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jeffmgcar

I can't understand why writers can't get their facts correct. In her article about Jepopardy Dawn K. states that it is produced by CBS. Why would CBS produce a show that has been on ABC for ages just like Wheel of Fortune. I see she works for the Orange County Register in Southern California which I receive daily and this explains why all the mis-information same as I see in the newspaper.

February 16 2011 at 3:30 AM Report abuse rate up rate down Reply
1 reply to jeffmgcar's comment
ajnckls

I don't know one way or the other who produces it, but there are shows that are produced by networks other than the one they are on. They are owned by companies that are subsidiaries of the network or something but they were purchased by other networks for broadcast. Besides, Jeopardy is in syndication. Here in Minneapolis it airs on the NBC affiliate KARE-11.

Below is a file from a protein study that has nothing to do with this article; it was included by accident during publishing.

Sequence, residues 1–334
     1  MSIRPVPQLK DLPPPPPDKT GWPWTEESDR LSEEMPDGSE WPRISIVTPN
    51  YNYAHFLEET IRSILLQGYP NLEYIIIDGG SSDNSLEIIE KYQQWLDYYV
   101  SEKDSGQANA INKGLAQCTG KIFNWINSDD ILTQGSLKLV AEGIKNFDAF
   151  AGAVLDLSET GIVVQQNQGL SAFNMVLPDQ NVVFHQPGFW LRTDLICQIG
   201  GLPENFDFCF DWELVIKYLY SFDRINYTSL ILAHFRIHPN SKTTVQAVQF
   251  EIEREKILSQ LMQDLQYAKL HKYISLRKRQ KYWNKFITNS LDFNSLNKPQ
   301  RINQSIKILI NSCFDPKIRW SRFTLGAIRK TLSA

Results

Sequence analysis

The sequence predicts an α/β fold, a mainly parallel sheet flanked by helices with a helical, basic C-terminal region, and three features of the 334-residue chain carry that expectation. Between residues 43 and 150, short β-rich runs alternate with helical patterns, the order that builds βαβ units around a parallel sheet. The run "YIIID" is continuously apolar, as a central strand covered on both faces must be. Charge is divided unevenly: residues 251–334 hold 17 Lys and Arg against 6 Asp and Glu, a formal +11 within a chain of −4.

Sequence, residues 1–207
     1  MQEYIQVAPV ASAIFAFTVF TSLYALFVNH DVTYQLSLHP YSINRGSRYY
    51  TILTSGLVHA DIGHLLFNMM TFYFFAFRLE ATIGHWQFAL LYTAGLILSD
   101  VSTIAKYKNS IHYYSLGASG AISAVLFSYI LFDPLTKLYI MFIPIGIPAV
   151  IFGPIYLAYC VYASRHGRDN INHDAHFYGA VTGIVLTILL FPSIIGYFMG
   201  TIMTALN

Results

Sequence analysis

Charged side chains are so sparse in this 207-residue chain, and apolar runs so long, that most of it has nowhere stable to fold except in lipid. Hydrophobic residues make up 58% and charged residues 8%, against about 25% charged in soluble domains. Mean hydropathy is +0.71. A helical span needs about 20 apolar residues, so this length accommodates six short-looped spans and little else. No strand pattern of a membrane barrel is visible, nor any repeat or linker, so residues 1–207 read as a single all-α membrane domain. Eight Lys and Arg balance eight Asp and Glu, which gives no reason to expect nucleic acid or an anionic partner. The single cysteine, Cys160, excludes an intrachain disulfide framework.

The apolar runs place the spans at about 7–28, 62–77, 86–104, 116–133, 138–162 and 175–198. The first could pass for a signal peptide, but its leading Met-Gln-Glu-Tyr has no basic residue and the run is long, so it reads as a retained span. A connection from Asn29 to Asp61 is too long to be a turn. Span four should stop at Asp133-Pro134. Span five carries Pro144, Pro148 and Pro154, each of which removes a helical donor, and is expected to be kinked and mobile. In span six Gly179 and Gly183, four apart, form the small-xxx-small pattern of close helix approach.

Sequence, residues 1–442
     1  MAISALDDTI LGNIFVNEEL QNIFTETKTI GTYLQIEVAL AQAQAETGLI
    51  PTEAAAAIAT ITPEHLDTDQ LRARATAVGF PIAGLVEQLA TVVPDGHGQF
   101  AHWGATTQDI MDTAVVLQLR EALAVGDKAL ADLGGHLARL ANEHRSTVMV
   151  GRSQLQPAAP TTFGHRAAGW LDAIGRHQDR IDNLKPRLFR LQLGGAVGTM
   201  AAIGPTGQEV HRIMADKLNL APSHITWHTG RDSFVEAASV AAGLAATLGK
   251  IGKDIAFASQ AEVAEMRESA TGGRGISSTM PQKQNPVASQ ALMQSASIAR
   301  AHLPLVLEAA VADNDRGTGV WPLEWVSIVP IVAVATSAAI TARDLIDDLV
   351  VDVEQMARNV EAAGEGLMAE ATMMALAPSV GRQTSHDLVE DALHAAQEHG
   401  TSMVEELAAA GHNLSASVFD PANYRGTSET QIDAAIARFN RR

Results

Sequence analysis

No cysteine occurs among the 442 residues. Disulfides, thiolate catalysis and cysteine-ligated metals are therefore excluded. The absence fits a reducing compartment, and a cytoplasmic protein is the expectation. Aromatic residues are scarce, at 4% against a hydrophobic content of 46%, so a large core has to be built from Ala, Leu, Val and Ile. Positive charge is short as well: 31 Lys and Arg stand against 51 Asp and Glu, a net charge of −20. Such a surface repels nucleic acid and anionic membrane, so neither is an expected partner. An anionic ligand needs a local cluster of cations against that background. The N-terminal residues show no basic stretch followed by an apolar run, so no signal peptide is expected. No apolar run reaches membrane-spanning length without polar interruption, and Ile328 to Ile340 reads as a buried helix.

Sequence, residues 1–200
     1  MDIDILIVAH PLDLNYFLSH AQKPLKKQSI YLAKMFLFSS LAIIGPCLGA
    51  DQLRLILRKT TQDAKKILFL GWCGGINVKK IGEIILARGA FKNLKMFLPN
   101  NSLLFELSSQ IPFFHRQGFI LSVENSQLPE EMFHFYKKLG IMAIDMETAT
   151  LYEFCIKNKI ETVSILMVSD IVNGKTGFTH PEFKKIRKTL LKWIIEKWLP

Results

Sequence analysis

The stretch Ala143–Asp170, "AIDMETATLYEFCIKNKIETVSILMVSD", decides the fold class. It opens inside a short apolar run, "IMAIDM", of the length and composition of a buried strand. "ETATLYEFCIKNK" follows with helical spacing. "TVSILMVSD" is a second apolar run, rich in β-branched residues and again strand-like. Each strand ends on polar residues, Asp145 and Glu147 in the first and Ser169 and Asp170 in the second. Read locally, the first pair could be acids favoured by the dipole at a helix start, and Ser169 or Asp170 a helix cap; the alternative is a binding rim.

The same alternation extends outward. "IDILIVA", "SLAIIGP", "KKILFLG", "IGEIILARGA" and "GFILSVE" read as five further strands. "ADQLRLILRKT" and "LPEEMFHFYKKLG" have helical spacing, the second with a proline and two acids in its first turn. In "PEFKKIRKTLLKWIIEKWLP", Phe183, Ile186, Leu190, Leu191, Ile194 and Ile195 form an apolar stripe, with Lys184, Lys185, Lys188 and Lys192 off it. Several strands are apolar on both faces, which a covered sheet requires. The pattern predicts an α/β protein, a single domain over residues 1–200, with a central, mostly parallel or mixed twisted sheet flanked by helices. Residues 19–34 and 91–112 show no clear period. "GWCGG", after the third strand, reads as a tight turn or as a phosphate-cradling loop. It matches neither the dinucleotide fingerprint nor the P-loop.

February 17 2011 at 2:29 AM Report abuse rate up rate down Reply
SJARA

Place the computer on the same playing field as the two humans.
The humans must listen and/or read the question while the computer
receives the question in text(digital) form. Computers have voice
recognition and visual recognition. Make the computer read and listen
and then answer then I will say the game is fair or on the level.

February 15 2011 at 8:37 PM Report abuse rate up rate down Reply
Maureen

Final Jeopardy: Watson too bad you weren't in the military. Before every examination final istructions are: RTFQ. Sorry, Watson, Toronto isn't a U.S. City.

February 15 2011 at 8:08 PM Report abuse rate up rate down Reply
lajoier

VSYM busting out

February 15 2011 at 7:43 PM Report abuse +1 rate up rate down Reply
calanweiler

I watched Jeopardy this afternoon and beat the computer on 7 questions. He ain't so bad !

February 15 2011 at 6:39 PM Report abuse +1 rate up rate down Reply
rb43081